Chris Moore, Head of the Apollo ibott 1971 syndicate, is possibly an anomaly within the world of insurance. Few kids dream of growing up into a life of underwriting, but Moore says he knew he wanted to get into insurance since going off to university.
“I studied mathematics at Bath University,” he tells us. “A lot of people talk about falling into insurance or just somehow ending up in insurance; I may be one of those that actually wanted to be in insurance. That's something I'm quite proud of.”
After graduating from university, Moore pursued a career as a broker in London, spending two years at Catlin before joining Apollo a decade ago. It’s no surprise that he has stayed; the company sits at the vanguard of new technologies, creating insurance solutions for emerging businesses that will be household names in a few years’ time.
“I love insurance,” Moore effuses. “We should be advertising the amazing things about the insurance industry and trying to recruit the freshest talent from university.”
One of Apollo ibott 1971’s biggest areas of focus is autonomous vehicles (AVs). Certainly, it has the potential to increase convenience for consumers and unlock new opportunities for mobility in our daily lives. But AV technology also has the potential to reshape the insurance industry, and insurers must hop on board early in order to ensure they’re fully prepared.
Moore believes that mistrust in autonomous vehicles is often misplaced, especially given most people are happy to fly in a plane or travel on a ferry whilst it’s in autopilot mode. “We trust autonomy in so many areas of our lives, including aviation and marine, but as soon as you start talking about autonomous vehicles people recoil,” he says.
In part, this is informed by distant memories of sci-fi catastrophe movies. It’s also a result of headline reporting, where a single AV crash will make front-page news but a million safe AV rides will not. “I would absolutely get into an autonomous vehicle,” Moore says. “I might even feel a lot safer in it.”
What is the size of the AV market opportunity?
According to McKinsey, autonomous driving could create revenues of US$300-400bn by 2035. Most new cars already feature some sort of autonomous technology, allowing drivers to maintain a constant speed or helping to switch between lanes, usually on highway or motorway networks. In future, this technology will enable complete automation of vehicles – starting with industrial applications like agricultural vehicles and culminating in a full robotaxi experience that could make inter-city travel more comfortable and affordable – something that Chris Moore believes is the toughest mountain to climb for AV technology, not least because autonomous systems still struggle to predict irrational human behaviour, particularly in a low-speed, urban setting.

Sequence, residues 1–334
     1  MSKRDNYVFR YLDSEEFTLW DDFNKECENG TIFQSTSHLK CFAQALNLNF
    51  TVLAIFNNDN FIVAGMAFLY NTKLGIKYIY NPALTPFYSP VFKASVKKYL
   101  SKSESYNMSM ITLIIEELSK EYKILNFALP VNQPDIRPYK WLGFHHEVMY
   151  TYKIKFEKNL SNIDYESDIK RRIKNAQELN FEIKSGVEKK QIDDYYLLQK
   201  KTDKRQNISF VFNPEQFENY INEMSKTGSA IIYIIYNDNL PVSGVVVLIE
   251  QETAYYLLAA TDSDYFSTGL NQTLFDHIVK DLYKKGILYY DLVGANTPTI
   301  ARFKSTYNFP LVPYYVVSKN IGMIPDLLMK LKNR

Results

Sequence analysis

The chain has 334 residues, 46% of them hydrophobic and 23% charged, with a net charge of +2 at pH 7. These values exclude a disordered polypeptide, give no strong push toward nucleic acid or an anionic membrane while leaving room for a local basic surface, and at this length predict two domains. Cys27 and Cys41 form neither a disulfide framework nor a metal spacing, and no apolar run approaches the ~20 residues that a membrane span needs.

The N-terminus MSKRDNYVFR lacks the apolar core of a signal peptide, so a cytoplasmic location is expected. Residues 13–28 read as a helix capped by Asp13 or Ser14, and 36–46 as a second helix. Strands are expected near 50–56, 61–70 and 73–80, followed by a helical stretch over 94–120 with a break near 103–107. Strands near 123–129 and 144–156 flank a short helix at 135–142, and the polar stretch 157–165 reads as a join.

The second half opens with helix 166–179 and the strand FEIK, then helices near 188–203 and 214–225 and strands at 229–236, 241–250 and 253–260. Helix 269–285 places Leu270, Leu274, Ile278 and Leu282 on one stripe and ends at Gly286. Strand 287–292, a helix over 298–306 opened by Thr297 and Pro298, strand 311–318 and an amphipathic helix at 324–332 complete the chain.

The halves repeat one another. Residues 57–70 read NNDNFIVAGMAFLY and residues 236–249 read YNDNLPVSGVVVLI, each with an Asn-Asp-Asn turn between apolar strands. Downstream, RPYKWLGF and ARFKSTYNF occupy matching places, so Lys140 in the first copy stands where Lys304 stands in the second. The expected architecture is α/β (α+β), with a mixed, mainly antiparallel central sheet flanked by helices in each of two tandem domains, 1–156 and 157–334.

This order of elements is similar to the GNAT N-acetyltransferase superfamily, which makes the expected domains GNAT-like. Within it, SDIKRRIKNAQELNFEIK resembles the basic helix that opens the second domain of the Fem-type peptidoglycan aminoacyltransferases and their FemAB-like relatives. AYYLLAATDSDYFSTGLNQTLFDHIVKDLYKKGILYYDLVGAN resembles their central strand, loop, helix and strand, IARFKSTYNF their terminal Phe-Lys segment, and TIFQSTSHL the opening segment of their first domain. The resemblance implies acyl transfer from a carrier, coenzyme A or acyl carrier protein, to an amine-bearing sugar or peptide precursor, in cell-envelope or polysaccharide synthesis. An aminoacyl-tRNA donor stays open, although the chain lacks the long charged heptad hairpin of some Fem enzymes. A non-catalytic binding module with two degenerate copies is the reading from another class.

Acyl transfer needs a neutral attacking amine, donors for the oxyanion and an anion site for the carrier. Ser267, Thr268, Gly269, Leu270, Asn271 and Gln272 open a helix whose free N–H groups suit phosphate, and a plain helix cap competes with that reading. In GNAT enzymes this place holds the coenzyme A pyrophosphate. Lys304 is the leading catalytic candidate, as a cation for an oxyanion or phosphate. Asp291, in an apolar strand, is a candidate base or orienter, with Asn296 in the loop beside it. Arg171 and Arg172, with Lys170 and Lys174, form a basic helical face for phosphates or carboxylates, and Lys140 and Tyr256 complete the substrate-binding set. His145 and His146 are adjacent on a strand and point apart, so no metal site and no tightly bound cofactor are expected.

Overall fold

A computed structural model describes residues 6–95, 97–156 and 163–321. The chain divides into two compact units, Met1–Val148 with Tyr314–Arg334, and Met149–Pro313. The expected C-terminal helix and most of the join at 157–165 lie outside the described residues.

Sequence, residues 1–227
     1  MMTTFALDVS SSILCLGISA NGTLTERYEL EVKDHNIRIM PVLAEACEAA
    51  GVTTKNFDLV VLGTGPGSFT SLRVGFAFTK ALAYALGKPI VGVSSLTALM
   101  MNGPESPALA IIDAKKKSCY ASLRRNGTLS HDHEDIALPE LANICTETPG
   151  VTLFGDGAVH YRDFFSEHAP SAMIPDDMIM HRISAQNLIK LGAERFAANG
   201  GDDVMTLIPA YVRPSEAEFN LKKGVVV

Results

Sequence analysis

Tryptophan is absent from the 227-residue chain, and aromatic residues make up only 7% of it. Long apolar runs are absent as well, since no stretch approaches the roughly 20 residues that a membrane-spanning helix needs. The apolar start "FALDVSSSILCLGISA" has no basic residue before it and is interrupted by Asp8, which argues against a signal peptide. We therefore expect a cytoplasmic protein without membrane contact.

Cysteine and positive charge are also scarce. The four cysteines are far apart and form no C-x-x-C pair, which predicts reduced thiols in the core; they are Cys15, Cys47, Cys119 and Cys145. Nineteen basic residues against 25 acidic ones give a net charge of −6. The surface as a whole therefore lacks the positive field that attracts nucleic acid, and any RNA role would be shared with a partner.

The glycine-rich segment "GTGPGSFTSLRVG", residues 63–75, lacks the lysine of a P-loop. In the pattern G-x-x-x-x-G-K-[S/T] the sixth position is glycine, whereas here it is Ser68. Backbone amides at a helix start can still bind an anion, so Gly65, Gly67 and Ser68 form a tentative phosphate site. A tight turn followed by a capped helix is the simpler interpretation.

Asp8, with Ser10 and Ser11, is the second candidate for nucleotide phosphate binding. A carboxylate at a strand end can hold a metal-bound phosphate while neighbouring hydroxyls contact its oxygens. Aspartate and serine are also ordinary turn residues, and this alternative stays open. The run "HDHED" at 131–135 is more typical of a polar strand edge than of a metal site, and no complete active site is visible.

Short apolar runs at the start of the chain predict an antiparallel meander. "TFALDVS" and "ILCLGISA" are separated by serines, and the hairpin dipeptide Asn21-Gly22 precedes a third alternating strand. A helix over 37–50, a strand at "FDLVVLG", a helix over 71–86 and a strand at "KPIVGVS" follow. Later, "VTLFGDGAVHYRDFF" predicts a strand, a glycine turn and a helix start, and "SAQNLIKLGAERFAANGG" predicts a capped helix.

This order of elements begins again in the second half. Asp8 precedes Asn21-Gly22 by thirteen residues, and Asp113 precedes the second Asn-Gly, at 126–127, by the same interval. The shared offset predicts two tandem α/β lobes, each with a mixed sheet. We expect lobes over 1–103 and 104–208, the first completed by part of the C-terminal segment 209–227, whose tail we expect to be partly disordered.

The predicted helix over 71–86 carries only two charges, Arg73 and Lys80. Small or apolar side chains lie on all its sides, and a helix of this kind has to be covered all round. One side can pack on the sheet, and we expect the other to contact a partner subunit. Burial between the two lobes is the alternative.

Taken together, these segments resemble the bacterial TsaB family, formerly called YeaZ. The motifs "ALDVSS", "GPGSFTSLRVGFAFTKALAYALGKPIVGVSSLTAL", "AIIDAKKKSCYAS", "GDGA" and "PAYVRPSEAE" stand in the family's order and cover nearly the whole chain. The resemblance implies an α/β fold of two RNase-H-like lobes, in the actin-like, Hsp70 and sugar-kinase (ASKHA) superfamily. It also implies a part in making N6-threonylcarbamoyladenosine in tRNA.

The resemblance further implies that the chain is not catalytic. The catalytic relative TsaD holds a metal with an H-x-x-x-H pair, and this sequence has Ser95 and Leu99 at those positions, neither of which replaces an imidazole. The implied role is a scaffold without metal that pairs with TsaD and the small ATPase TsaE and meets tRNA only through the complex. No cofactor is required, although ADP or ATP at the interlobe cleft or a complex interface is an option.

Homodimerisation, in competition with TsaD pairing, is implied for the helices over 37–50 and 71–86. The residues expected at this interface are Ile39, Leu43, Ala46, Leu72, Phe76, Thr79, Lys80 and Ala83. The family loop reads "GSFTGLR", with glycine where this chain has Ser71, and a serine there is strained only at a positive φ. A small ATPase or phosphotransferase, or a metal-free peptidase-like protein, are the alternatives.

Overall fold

“I think the size of the opportunity is huge, both in the AV industry itself but also in terms of the insurance opportunity that's linked to that. When you think about the amount of disruption that autonomy can cause to almost all industries, it's really staggering.”
Broader adoption of AV technology will really depend on regulatory approval. There are already autonomous rideshare pilots happening in multiple US states, chief amongst which are probably California, Arizona, Florida and Nevada. The usual first-movers will predictably emerge, keen to attract inward investment, but while regulators remain to be convinced about issues such as safety and scalability, there are things that insurers can do today – such as prepare their businesses to analyse and price AV risk – that will set them up for an autonomous future.
Failing to do so could have dire business consequences. Insurers risk angering and alienating OEMs if they fail to recognise the potential around AV, provoking them into offering their own in-house insurance products in much the same way that Elon Musk has done at Tesla. After all, autonomous driving will only be a $300-400mn opportunity if insurers position themselves to take advantage of it.
AV technology will make our roads safer
Summarising the nature of the opportunity that exists around autonomous vehicles, Moore believes it will take the worst elements of human behaviour – the fact that we are prone to error, are not very good at concentrating over long distances, and tend to panic in high-pressure situations such as near-crashes or losses of control – and replace it with the best attributes of automation. This will mean that, potentially, autonomous vehicles become safer than human-driven cars.
How much safer? In the US, data from the National Highway Traffic Safety Administration (NHTSA) showed that human drivers are involved in a fatal collision 1.33 times every 100mn miles travelled – that’s a 0.00000133% probability of fatality, or conversely a 99.99999867% safety rate. Autonomous vehicles will have to be better than that to be accepted as a ‘safer’ technology – but thanks to advances in artificial intelligence and machine learning, that’s plausible.